During the week I keep up with the news on my smartphone – but come Sundays in the fall I get nostalgic for old media. I settle in with a cup of coffee, turn on a football game, and wade through the print edition of the venerated New York Times.
And so it was just about a week ago that I was bringing the Sunday Times into my apartment when a mass of slick, brightly colored circulars fell out from between the folds and spilled across the floor. I picked them up one by one, and as I did I realized that not a single circular advertised a product in which I had any interest. Not one. Neither did the ads in the paper, as it turned out – they just got in the way as I looked for the news I wanted to read, like those emails from Canadian Pharmacies that fill up my inbox. But I digress.
Sunday’s New York Times often contains The Haggler column, a somewhat hip version of the age-old “On Your Side” type of columns chronicling stories of frustrated consumers. To my surprise, The Haggler had taken aim at “Public Relations Spam” as well as commercial databases that contain reporters’ contact information. The Haggler’s complaint, simply stated was about poorly directed public relations pitches or, more precisely, pitches that are blasted indiscriminately in any and all directions. PR spam is what he called it.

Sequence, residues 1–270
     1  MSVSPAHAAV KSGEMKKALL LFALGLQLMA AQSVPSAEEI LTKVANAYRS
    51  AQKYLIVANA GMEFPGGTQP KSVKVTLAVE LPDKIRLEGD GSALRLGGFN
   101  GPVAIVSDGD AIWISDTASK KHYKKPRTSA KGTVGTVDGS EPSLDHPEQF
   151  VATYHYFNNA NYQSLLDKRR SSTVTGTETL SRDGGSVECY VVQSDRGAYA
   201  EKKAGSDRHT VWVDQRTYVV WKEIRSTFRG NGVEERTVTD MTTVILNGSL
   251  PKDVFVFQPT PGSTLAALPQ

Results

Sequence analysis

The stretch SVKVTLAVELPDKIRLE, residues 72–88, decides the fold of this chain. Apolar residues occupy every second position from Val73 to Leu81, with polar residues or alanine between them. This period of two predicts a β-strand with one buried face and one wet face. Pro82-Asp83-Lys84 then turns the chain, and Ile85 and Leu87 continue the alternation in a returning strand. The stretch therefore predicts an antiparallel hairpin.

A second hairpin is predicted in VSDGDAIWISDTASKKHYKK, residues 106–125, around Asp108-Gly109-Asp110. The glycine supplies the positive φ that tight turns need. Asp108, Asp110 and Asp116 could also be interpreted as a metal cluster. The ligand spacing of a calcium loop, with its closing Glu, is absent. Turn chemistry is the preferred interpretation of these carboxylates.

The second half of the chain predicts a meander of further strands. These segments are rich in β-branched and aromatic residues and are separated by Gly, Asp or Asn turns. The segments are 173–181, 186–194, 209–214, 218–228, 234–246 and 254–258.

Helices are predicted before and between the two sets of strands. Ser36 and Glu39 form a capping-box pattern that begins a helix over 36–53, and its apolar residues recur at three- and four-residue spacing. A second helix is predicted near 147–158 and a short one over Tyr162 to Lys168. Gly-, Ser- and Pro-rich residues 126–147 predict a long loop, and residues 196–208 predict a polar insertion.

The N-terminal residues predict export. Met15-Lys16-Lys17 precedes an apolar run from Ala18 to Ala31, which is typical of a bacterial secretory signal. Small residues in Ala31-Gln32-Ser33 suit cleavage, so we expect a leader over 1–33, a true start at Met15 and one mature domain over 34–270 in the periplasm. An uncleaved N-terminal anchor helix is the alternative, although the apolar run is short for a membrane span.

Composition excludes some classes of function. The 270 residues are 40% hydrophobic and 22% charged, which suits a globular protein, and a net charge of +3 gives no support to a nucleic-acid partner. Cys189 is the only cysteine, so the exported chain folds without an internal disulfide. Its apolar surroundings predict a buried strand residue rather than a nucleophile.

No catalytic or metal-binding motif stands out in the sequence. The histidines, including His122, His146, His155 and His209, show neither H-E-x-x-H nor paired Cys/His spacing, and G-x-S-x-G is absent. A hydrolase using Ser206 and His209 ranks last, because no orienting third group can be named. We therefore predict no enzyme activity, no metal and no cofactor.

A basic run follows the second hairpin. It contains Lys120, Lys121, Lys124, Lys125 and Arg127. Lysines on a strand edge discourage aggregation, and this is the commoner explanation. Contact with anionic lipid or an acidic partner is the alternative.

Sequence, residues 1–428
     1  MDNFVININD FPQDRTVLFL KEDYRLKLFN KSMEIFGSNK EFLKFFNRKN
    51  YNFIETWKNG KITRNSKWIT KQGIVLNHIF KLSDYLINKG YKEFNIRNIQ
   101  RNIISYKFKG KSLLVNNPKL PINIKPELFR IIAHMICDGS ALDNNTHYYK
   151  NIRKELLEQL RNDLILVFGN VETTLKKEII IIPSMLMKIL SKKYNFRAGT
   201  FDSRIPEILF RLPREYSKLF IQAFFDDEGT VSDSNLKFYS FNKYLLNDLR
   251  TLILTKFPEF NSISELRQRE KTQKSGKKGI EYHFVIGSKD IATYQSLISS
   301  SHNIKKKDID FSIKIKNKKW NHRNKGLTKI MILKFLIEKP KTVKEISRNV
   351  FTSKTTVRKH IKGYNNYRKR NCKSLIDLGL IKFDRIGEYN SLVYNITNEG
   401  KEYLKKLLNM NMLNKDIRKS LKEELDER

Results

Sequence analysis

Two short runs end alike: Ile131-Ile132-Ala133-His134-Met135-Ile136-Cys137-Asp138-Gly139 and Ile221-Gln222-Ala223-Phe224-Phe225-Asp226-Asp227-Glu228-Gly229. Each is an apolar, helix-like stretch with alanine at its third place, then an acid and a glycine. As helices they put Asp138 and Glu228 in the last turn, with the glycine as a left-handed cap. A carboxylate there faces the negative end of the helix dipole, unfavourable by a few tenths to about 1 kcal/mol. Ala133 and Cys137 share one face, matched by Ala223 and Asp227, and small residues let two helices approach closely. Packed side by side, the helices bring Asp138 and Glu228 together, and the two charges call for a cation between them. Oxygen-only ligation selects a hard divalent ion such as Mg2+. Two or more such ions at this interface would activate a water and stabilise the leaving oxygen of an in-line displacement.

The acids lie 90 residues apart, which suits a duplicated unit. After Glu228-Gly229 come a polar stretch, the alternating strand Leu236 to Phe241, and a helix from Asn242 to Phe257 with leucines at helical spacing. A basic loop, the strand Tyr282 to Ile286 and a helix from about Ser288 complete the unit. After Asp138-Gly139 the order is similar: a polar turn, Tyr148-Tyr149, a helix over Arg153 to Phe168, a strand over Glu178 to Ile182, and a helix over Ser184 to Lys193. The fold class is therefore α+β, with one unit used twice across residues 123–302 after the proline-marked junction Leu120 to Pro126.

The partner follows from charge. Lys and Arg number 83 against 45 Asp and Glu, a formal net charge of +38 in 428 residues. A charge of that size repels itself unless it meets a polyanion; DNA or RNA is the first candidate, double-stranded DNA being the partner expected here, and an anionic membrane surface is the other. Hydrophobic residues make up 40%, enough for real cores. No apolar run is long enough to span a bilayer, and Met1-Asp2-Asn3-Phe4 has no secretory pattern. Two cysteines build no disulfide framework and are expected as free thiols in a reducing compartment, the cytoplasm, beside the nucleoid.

On the topic of poorly directed pitches, PRSA agrees with The Haggler. Well-targeted pitches not only build healthy relationships with reporters, but make good business sense. Indeed, The Haggler might have appreciated the PRSay blog from March of this year, How to Pitch the New York Times on a Friday Afternoon by Lauren Wesley Wilson or any of the dozens of other PRSA articles, blogs, seminars, webinars or conference sessions that stress proper targeting and relevance as essential for successful pitching.
But in his excitement over finding spam in his inbox The Haggler somehow took a wrong turn. In addition to excoriating indiscriminate pitches, The Haggler also took issue with companies that provide media databases going as far as to urge reporters to have themselves deleted from such databases, with the goal of depleting the databases so that they become a waste of money.